Reliability wise there have been numerous reports online of the Dewalt's variable speed control failing. And the occasional motor burning out after a few months. Although it has a three year warranty versus the Bosch's one year, it is apparent that is the less reliable of the two.
Cost wise they are priced at roughly the same depending on where you purchase the units from. Value wise however we feel that for the money the Bosch unit is the better option.
Confused by the choice between the DeWalt DW734 vs DW735 vs DW735X thickness planers? Which one is right for you?
No doubt about it benchtop planers have bridged the gap between handheld and cabinet style thickness planer. They offer a near perfect finish for short to medium sized boards with the added convenience of portability.
They vary slightly terms of size, cutting ability and features. Lets take a look at each one individually before comparing.
The DeWalt DW734 thickness planer is the older brother of the DW735. It is powered by a 120 Volt 15 Amp motor. The motor has a max speed of 20,000 rpm(10,000 at the cutting head).
It can accept boards of up to 12.5 inches in width and 6 inches in depth. The cutting depth is variable from 0 to 1/8 of an inch and can do 96 cuts per inch.
Like all DeWalt planers it features a three knife cutter head. The knifes are reversible and DeWalt claims that they deliver a 30 percent knife life.
The DeWalt DW734 also comes with an infeed and outfeed table. The two combined add an extra 33.5 inches in length to further support the board on the way in and out and drastically reduce the chance of sniping of the boards described below in the DeWalt735x review.
It also has a manually operated 4 column carriage lock that helps keep unwanted movement of boards during cutting, which will also help to reduce snipe.
The DW743 weighs in at 80 pounds so it does have a bit of weight in it to get it firmly rooted on your benchtop or table.
Now that we have seen the DeWalt DW734 review it's time to discuss the newer and slightly larger DW735.
The DeWalt DW735 has the same power as the DW734 above. It can accept slightly wider boards at 13 inches and has the same cutting depth of 1/8 inch per pass.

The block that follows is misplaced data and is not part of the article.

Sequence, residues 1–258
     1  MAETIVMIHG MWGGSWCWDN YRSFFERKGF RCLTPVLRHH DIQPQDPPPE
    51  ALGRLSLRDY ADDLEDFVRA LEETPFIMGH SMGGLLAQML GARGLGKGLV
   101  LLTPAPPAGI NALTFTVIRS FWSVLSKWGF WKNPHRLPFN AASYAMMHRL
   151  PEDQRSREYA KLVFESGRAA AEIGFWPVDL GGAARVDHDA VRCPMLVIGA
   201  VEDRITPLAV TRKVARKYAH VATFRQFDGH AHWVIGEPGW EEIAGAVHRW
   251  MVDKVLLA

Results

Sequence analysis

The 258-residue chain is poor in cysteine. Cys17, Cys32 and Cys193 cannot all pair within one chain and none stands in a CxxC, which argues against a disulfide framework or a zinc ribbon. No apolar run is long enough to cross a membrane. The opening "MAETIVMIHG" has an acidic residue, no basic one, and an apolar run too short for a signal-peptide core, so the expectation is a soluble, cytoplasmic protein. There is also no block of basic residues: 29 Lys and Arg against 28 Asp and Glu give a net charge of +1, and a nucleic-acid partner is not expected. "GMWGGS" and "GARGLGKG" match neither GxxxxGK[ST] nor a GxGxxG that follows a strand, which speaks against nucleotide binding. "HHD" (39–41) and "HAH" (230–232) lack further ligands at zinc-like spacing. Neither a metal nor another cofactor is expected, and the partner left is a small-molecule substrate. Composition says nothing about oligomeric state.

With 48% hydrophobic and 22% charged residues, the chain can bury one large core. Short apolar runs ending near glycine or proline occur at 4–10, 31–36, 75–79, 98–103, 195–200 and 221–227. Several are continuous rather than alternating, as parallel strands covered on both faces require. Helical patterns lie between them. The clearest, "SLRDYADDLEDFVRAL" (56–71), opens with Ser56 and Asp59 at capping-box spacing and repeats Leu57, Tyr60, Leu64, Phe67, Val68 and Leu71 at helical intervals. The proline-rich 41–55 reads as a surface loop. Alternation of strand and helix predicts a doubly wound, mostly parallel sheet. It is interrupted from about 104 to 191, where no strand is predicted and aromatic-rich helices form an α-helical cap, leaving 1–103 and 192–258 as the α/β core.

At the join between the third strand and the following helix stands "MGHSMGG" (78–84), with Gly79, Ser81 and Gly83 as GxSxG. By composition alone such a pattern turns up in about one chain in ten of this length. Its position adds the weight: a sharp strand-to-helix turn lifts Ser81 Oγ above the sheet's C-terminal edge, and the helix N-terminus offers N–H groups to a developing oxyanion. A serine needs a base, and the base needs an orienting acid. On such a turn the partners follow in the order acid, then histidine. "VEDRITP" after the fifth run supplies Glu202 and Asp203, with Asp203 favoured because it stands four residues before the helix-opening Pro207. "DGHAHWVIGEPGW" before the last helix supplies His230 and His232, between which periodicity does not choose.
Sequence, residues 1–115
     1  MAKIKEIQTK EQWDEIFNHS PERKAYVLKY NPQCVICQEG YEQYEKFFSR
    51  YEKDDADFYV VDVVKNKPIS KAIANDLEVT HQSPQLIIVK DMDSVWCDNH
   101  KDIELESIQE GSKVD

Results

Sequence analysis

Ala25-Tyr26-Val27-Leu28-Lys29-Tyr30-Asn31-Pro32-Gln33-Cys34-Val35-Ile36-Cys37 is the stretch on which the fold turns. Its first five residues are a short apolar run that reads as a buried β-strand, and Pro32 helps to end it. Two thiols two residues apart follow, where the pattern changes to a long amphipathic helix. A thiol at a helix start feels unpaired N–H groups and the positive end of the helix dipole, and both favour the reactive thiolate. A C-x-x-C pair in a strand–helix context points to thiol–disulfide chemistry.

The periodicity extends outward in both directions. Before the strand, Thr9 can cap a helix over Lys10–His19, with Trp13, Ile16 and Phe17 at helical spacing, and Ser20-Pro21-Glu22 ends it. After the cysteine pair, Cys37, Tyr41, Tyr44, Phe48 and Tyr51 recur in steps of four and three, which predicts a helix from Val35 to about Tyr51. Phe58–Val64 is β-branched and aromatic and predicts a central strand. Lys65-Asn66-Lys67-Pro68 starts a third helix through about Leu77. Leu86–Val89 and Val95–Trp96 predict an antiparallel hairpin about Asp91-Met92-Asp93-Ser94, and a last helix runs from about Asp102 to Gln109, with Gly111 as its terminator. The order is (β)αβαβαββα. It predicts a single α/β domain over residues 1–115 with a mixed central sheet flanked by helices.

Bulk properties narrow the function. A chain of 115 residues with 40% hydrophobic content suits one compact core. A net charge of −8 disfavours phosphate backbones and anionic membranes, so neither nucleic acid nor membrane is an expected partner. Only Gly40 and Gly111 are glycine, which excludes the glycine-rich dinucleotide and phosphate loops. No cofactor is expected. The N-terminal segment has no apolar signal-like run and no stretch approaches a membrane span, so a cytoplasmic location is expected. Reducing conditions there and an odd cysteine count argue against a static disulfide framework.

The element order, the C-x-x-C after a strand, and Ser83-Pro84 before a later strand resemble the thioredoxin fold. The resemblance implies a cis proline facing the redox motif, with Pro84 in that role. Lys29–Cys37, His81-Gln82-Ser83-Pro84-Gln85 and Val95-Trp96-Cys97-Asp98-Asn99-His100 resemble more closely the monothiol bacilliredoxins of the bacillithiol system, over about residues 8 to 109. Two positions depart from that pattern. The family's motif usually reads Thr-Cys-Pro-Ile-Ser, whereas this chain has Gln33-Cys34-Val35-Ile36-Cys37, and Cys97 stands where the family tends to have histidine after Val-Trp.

However, if has a 2 speed gear box that allows the user to vary the cuts per inch depending on the hardness of the material. The speed can be set to either 96 or 179 cuts per inch.
Whereas the DW734 only has an attachable dust hood to help with dust collection the DW735 has a "Fan-Assisted Chip Ejection System". Basically it blows the chips away from the cutting head and into a shroud the targets the wood chips onto the floor beside the planer. A shop vacuum can also be attached to the shroud.
As opposed to the manual carriage lock on DW734 the DW735 has a auto lock feature so you may be able to plane a little bit quicker without the manual intervention.
The DW735 also weighs in at a rather beefy 92 pounds which is twelve pounds over the smaller DeWalt.
The DW735x has the exact same specifications and performance as seen in the DeWalt DW735 review above.
The 'x' in the DeWalt DW735x stands for extras. The extras that are included are an additional set of blades and an infeed and outfeed table.
The infeed and outfeed tables help to greatly reduce the chance of "snipe" when you are using longer boards(this rarely applies to shorter length boards that flex less along their length).
Snipe is when you get a deeper cut on either the leading or trailing end of the board as it is past through the thickness planer. The main cause is a height mismatch on either end between the board and the in/out feed rollers or the cutting head.
Using infeed/outfeed tables that are supplied from the manufacturer should help to reduce the chances of snipe. Otherwise you will need to ensure that you have setup how the boards will be fed in to the planer and how they will exit.
The decision for most people will probably come down to cost at the end of the day. The DW735 is almost 50% more expensive than the DW734 if bought with the extra tables and blades.
Performance wise the DW735 is capable of cutting 13 inch wide boards versus the DW734's 12.5. It also has a two speed gearbox meaning you can vary the cuts per inch to suit the type of material you are working with.
The DW735 also has an auto carriage lock versus the manual on the DW734.
At 12 pounds in the difference the DW735 is pretty heavy. If you are concerned about just how easy it will be to transport then the DW734 might be a better bet.
For the pro or regular user the DW735 or DW735x wins. If you are an occasional user or are on a strict budget then the DW743 is still a fine thickness planer and it has the tables included in the price.
Well the decision between the DW735 vs DW735x all boils down to whether you need the infeed and outfeed tables. If you are only planning on putting short pieces through the planer then the extra tables may not be worth the added expense.
However, if you are using longer board sections the only way to help prevent snipe is to purchase the additional tables, or be very careful about how you setup your input and output of the pieces.